Iraqis mediate in US-Sadr fight

Tribal and religious leaders offered the militant cleric a deal to end the month-long standoff in Najaf.

As US forces fought with militia loyal to firebrand Iraqi cleric Moqtada al-Sadr, group of Iraqi leaders an offer that may hold the best hope of solving the month-long standoff between his Mahdi army militia and the US military.

The deal, offered by tribal and religious leaders without any American input, offers Sadr a chance to save face by giving himself up to Iraqis instead of to American forces.

In exchange, the group will negotiate its own demands with both Sadr and American forces, including withdrawal from Najaf and information about Iraqi prisoners being held by the coalition.

"It's an attempt to solve the legal question, and not just the security question," said Sheikh Fatih Kashif al-Ghitta, a top advisor to Iraqi Governing Council member Salama al-Khafaji. "And to solve it in a way that doesn't humiliate Sayyid Moqtada, that doesn't humiliate the Iraqi people, and that doesn't humiliate the Americans."

Thursday, the US increased pressure on Sadr and his forces in central Iraq. US troops attacked Sadr's militia forces around the Iraqi holy city of Najaf and the nearby town of Kufa. They seized the local governor's offices and killed 41 fighters near Kufa, a senior official in the US authority told Reuters.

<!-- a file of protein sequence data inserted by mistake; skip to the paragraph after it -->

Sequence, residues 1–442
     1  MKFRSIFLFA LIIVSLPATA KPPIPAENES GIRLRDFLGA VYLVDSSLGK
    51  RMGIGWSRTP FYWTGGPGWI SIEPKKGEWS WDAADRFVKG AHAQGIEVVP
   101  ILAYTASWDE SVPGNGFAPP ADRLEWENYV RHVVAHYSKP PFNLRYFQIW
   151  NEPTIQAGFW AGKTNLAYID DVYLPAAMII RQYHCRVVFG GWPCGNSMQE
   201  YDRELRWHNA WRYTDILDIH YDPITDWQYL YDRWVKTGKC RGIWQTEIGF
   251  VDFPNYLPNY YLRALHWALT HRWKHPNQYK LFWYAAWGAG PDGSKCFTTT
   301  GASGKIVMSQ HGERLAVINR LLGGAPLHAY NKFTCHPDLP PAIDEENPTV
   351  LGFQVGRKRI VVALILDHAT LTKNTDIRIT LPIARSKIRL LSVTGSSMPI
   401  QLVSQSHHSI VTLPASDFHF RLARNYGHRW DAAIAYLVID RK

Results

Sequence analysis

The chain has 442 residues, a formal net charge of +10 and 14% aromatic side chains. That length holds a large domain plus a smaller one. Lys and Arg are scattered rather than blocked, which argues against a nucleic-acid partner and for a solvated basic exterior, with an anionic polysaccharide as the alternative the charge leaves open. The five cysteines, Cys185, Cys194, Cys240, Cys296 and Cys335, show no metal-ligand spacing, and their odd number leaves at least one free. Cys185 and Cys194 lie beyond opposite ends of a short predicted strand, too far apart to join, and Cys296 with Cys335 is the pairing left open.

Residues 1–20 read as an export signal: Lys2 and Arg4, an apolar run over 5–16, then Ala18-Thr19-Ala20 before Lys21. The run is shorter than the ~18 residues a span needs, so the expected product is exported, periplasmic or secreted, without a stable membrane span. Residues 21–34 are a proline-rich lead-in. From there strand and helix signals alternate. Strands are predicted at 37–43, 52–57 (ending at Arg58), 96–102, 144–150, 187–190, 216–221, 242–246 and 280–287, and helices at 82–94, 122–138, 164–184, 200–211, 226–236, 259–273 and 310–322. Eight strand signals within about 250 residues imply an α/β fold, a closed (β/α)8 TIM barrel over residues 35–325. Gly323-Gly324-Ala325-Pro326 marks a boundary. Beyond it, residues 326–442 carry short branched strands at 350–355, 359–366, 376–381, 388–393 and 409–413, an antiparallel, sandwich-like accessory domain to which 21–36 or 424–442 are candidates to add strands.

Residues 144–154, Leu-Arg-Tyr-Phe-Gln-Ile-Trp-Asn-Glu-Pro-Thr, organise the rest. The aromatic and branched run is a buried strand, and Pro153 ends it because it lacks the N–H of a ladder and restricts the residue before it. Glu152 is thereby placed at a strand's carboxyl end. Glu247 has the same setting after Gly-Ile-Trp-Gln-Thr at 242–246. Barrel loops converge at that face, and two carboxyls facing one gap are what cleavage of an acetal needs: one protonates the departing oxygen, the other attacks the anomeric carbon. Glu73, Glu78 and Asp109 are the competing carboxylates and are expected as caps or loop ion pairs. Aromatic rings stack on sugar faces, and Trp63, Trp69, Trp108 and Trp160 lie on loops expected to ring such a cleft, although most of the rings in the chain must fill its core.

At the same time, Paul Bremer, the US administrator of Iraq, appointed a new governor for Najaf and denounced Sadr as an outlaw who used the holy sites to launch his rebellion. US forces have said they will refrain from entering shrines.

"We have resecured the governor's building and we intend to have the governor reoccupy it to have the coalition retake control of the city," a US official told Reuters.

Thursday afternoon, Sadr's Mahdi army militia appeared to be counterattacking, and Lt. Col. Pat White, a US official near Kufa, told CNN: "We are getting contact [attacks] from all sides and we are dealing with it now. I would liken it to a hornets' nest."

The conflict began over a month ago, on March 27, when American coalition forces padlocked Sadr's newspaper, al-Hawza. It escalated on April 5, when US officials announced that they would arrest Sadr on a warrant issued against him by an Iraqi judge months earlier, in the assassination of a rival cleric.

A month ago, a delegation traveled to Najaf to make its proposal to Sadr. It consisted of about 40 people: 25 tribal leaders or sheikhs, five lawyers, five academics, and Dr. Khafaji.

(One of two Shiite women on the Governing Council, Ms. Khafaji participated as a private individual, not as a representative of the US-appointed body, which is viewed by most Iraqis as illegitimate.)

Meeting with Sadr's deputies in his offices in Najaf, the group delivered the following message: if Sadr agrees to the its conditions, the group will negotiate with the American authorities on his behalf. If he agrees, he will not be able to change the details of the deal.

But the group also promises not to compromise on key tenets that provide protection for him.

On May 5, an emissary carried the message to Najaf that Sadr had 10 days - until May 15 - to decide.

The group has not yet formally approached the coalition.